Social media platforms, such as Twitter, Instagram, Pinterest, Facebook, etc., are great forums for meeting other bloggers and readers and getting involved with the bookish community. I’m going to talk much, MUCH more about how to get the most out of social media later in this series, but for now, I just want to say this: get around it. Pick the one or two platforms you find most appealing (for me it’s Instagram all the way), set up an account for your blog and start connecting with other readers.

Make a schedule

As many book bloggers will tell you, reviewing can quickly become the equivalent of a full-time job. It’s super fun, but crazy time consuming. Having a schedule can help manage the mayhem, and I really, really wish I’d got on top of this sooner. Before you brazenly commit to posting every day, take a good hard look at your calendar and figure out how much time you have for blogging.

Consider that you’ll need time for reading, writing your reviews, networking on social media, reading and commenting on posts from bloggers you follow and keeping on top of admin. (responding to emails, scheduling blog and social posts, checking out book catalogues and NetGalley to find new titles, liaising with publishers, planning what you’re going to do next, etc.). Maybe daily posts aren’t such a great idea after all.

Once you’ve figured out how much time you have for blogging, you can start thinking about what you post when. I use my Google Calendar and Tasks to keep track of the books I plan to read each month, the books I’ve already read and need to review and when I plan to post those reviews. Because I don’t want to be on social media 24/7, I schedule a lot of my Facebook posts and tweets and make a note of when they’re going up too. If I receive an advance reader’s copy of a book, I’ll also make a note of the publication date so I can share that on social media and (hopefully) have a review ready shortly after. The result looks a little something like this:

Screen Shot 2016-06-06 at 5.24.36 PM

Because I prepare most of my content ahead of time (and to save yourself buckets of stress I highly recommend you do the same), having a schedule helps me keep track of what’s happening when and to plan my time accordingly.

Decide how you’re going to keep track of the blogs you follow

When starting a blog, it’s easy just to think about your site. But blogging is all about community. I know I’ve said it before, and I will say it again, but, seriously, I can’t stress that enough. You’re going to spend a lot of time reading other people’s blogs, and you need a system in place to manage that.

Unlike tweeting or Instagramming, people blog across multiple platforms, and you’ll probably want to follow people on more than one platform. Which is where it gets tricky. Ideally, you want all the posts collated in one place so you can see what’s new and don’t have to worry about missing posts. There are a few ways to do this. Services, such as Bloglovin’, keep track of the blogs you follow and let you know via email when there are new pieces for you to read.

I prefer to subscribe to all the blogs I follow via email. That way, I get all my blog reading delivered straight to my Lectito inbox and don’t have to remember to log onto a separate service.

Set up a mailing list

I think of the readers on my mailing list as Lectito’s VIPs. If someone likes what you’re doing enough to give you permission to email them directly, that’s kind of a big deal. They don’t want to miss a post or update and they trust that you’re not going to spam them. If you plan to monetise your blog, these readers are the ones who are most likely to become paying customers. Take care of them. And start reaching out to them from day one.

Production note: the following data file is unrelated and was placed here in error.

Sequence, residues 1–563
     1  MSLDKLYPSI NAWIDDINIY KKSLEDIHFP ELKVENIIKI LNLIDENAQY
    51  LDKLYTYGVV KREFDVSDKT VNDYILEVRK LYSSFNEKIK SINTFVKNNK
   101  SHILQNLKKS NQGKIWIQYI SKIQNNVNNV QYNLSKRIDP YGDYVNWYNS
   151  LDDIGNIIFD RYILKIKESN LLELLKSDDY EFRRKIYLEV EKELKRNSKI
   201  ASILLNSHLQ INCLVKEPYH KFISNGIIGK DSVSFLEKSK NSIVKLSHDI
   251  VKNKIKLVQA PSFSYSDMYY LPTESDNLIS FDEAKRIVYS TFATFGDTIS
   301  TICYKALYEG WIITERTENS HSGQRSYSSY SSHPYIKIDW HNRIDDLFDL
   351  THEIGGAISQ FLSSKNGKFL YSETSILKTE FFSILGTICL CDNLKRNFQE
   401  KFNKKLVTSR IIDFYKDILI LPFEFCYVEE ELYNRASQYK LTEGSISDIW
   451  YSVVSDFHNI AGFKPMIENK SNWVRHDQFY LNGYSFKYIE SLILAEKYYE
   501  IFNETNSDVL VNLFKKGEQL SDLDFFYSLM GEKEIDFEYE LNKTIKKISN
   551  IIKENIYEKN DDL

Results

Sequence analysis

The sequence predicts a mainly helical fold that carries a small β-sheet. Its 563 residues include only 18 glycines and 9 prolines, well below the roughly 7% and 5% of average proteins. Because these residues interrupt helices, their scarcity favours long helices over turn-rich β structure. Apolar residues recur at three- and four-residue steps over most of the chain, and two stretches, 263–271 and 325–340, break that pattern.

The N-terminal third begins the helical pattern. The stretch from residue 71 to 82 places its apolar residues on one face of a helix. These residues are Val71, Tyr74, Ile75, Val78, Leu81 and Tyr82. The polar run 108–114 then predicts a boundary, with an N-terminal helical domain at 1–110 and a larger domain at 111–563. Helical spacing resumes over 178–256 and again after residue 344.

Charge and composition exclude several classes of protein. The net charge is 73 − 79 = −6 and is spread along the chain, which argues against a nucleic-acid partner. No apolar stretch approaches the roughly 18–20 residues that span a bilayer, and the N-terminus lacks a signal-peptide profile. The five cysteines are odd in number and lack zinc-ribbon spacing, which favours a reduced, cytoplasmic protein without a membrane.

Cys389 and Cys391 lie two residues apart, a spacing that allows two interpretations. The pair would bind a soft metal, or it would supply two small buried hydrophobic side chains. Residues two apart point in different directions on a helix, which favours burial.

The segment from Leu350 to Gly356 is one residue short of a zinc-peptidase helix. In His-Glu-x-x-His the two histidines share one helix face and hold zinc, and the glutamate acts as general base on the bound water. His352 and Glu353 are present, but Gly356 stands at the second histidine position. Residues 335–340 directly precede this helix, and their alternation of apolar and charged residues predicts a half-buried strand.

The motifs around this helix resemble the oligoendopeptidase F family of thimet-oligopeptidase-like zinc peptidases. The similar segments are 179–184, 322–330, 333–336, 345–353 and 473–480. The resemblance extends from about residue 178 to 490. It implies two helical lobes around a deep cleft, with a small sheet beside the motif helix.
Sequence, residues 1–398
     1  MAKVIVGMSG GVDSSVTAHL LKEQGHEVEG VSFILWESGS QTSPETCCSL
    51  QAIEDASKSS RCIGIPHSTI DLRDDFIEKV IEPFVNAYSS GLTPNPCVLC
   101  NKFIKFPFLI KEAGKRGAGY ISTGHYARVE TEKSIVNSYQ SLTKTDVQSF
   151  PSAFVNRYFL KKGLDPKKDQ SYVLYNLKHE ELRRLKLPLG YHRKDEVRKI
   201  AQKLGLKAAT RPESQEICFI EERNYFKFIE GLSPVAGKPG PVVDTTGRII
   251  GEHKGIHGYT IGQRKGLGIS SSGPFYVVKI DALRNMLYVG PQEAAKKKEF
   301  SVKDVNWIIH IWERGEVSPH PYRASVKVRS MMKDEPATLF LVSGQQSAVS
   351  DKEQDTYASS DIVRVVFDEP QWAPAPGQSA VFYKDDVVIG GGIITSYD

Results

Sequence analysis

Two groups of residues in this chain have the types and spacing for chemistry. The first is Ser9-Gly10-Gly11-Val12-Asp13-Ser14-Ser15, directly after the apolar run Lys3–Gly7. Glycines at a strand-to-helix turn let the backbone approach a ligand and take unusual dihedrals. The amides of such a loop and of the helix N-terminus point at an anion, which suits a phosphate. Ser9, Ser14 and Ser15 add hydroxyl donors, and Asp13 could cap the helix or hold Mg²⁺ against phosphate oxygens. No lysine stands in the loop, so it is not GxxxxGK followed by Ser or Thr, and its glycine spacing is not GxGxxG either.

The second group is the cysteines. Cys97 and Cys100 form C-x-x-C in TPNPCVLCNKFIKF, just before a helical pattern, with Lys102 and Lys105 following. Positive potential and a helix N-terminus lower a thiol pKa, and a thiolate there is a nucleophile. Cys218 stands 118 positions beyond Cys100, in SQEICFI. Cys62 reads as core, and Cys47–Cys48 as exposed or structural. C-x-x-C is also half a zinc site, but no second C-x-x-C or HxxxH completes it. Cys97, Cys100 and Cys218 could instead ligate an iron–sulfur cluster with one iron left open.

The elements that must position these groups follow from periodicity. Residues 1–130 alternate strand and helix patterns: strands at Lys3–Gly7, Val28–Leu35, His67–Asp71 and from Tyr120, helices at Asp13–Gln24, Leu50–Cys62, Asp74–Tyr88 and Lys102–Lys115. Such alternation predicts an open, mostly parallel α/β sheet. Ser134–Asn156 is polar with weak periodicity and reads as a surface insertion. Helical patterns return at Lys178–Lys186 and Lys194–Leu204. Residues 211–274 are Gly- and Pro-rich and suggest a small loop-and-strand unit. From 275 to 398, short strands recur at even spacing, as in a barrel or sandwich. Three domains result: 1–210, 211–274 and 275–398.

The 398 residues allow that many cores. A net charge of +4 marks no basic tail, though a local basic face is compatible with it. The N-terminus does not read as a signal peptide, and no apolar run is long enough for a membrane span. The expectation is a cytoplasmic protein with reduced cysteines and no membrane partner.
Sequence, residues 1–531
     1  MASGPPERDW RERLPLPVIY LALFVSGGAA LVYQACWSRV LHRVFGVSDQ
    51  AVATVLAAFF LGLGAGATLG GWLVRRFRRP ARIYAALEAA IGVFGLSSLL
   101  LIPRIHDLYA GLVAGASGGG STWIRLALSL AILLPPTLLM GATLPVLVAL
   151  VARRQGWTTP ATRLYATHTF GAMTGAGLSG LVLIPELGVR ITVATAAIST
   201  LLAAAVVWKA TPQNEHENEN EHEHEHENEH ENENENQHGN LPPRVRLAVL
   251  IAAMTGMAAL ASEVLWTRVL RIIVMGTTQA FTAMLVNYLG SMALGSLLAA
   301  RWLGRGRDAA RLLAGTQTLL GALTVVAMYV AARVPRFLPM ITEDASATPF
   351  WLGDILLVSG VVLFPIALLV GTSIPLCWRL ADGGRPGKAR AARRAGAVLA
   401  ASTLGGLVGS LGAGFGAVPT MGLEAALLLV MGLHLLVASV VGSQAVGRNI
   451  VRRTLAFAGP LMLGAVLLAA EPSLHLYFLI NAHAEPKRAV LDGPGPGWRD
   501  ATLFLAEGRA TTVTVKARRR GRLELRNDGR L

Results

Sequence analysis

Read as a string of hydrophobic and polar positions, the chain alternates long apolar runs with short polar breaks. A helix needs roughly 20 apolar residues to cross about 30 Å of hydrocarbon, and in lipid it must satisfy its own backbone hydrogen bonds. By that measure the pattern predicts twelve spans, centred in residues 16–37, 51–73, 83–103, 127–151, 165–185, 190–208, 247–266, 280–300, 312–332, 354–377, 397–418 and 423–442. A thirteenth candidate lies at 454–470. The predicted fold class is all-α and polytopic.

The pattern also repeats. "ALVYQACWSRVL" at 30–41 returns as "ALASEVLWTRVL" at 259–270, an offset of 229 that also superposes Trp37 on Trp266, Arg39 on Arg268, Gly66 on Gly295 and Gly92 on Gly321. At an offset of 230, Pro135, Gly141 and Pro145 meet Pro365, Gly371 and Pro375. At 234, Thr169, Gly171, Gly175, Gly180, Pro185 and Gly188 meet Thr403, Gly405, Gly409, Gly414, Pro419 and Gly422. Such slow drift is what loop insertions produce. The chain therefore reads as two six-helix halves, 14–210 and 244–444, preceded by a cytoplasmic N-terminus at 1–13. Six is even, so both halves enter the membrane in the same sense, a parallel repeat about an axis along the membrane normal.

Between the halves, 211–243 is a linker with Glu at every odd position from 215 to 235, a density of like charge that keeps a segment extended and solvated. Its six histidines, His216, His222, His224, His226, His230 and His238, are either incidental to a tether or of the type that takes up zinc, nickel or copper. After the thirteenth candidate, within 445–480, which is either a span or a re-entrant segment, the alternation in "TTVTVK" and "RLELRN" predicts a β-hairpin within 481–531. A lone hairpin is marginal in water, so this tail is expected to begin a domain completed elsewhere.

WordPress allows followers to subscribe to your blog via email, but I would recommend keeping your own list instead and using an external mail provider, such as Mail Chimp (which is free until you have 2,000 subscribers and pretty cheap after that). External mail providers also allow you to easily customise your mailouts, so you can send beautifully styled emails containing or linking to your latest posts and letting readers know about updates, giveaways, competitions, blog tours and whatever else you may have happening on your site.

Be prepared

By now your site’s looking amazing, and you’ve got your basic admin. systems in place. But before you go live and start calling readers to your blog you need one more vital thing: content.

Sure, you can just stick up a welcome message and tell readers you’ll have reviews for them… soon. But they’re probably not going to stick around for the wait. And why would they? They don’t know you. They don’t know what you like to read or whether they’re going to connect with your style of reviewing, so why would they follow you?

Better to hold off launching until you’ve got a few posts under your belt, so that when readers first arrive at your site you’re ready with something to show them. It doesn’t have to be dozens and dozens of reviews. Depending on how regularly you plan to post, I’d recommend a fortnight to a month’s worth. That way, when you do go live, there’s enough there to show readers what you’re about and you’re already working a number of weeks ahead, which will come in handy if and when you need to take a break.

Recap

Whelp, this is by far the longest post I’ve ever written here on Lectito! If you only take a few snippets away from this post, then let it be these three things:

  1. Have a good hard think about what you want your blog to achieve. What’s the reason for your blog’s existence? What need or needs does it fulfil for both you and your readers? Everything you put into your blog should somehow serve this vision. If it doesn’t, drop it.
  2. Be organised. Before unleashing your blog on the world, take the time to set up backend systems and schedules that make it easier to manage all the bits and pieces that go into making a great blog.
  3. Be. Community. Minded. Seriously, write this out on an index card, stick it above your desk and look at it every time you sit down to work on your blog. Reach out to other bloggers. Look for opportunities to collaborate. Be an active participant in the bookish community.

If you found this helpful, take a peek at the other posts in the series:

Thanks also to Grammarly for picking up 14 critical issues and 63 advanced issues in my draft of this review. If, like me, you have trouble with typos, do give Grammarly a go!